- National Changhua Senior High School
- Changhua Girls' Senior High School
- Changhua Arts High School (CHASH)
- National Changhua Senior School of Commerce (CHSC)
- The Affiliated Industrial Vocational High School of National Changhua University of Education (SIVS)
- Zen Del Senior High School (ZDVS)
- Ching Cheng High School (CCH)
- 1895 Baguashan Anti-Japanese Martyrs' Museum
- Anti-Japanese Martyrs' Monument Park
- Baguashan Great Buddha
- Baguashan Literature Walk (八卦山文學步道)
- Baguashan Silver Bridge (八卦山銀橋)
- Changhua Arts Hall
- Changhua County Art Museum
- Changhua Railway Hospital
- Changhua Wude Hall
- Confucian Temple of Changhua
- Changhua Roundhouse
- Gu-Yue Folk Museum (古月民俗館)
- Huayang Park (華陽公園)
- Hsinding Old Street (新町老街)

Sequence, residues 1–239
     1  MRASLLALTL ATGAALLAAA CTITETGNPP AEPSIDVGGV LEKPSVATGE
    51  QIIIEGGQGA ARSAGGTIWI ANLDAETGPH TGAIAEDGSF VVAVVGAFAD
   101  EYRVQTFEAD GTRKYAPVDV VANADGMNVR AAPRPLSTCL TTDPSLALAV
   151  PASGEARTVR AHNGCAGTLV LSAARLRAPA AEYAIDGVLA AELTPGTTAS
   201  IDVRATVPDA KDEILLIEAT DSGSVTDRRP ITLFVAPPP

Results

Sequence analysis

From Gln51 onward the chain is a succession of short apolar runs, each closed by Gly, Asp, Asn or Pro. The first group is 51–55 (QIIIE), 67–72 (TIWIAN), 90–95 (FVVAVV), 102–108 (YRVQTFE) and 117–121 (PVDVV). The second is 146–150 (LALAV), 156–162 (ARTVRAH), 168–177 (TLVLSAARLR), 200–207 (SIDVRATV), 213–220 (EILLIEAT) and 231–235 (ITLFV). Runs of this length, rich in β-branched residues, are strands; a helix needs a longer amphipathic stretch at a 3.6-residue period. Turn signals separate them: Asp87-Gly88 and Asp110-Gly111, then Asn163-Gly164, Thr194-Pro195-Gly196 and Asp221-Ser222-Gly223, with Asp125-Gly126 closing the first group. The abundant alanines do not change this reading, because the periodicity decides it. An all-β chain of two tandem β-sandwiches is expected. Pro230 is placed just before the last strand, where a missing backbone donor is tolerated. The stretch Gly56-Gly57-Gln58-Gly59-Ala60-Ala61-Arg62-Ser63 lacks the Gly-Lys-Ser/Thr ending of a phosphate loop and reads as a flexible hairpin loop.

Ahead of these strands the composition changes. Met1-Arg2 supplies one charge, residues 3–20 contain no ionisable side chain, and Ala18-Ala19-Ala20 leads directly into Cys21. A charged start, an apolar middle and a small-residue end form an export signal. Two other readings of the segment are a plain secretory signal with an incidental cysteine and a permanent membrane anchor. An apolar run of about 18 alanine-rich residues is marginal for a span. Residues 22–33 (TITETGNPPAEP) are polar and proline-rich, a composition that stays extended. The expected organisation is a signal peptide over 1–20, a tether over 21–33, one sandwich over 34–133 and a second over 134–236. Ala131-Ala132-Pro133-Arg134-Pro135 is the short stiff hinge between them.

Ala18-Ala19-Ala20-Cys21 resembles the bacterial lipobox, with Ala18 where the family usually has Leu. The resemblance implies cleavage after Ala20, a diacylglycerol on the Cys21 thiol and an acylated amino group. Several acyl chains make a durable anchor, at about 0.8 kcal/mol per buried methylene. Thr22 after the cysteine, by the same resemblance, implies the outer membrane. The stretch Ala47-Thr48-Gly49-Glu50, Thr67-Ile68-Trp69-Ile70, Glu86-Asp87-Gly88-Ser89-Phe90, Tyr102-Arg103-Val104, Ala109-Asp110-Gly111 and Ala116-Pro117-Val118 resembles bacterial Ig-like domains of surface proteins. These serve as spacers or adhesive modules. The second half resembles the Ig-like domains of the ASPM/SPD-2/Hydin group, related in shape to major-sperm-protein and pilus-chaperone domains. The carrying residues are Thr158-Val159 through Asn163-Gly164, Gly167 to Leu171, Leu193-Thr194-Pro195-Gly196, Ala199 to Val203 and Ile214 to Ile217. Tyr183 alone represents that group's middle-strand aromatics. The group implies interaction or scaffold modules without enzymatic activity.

- Kaihua Temple
- Lai Ho Memorial Hall
- Museum of Traditional Nan Bei Music and Theater
- Nanyao Temple
- National Changhua Living Art Center
- Red Hair Well (紅毛井)
- Spring of Youth
- Shengwang Temple
- Yuanching Temple
- Yuan Ching Kaun Tradition Art Museum (元清觀民藝館)
Freeway 1 connects Changhua City to Taichung City and is one of the primary route for commuters between the two cities. Freeway 3 intersects with Freeway 1 at Changhua and connects to Provincial Highway 74.
- Davidson, James Wheeler (1903). The Island of Formosa, Past and Present : history, people, resources, and commercial prospects : tea, camphor, sugar, gold, coal, sulphur, economical plants, and other productions. London and New York: Macmillan. p. 261. OL 6931635M.
- Davidson (1903), p. 597.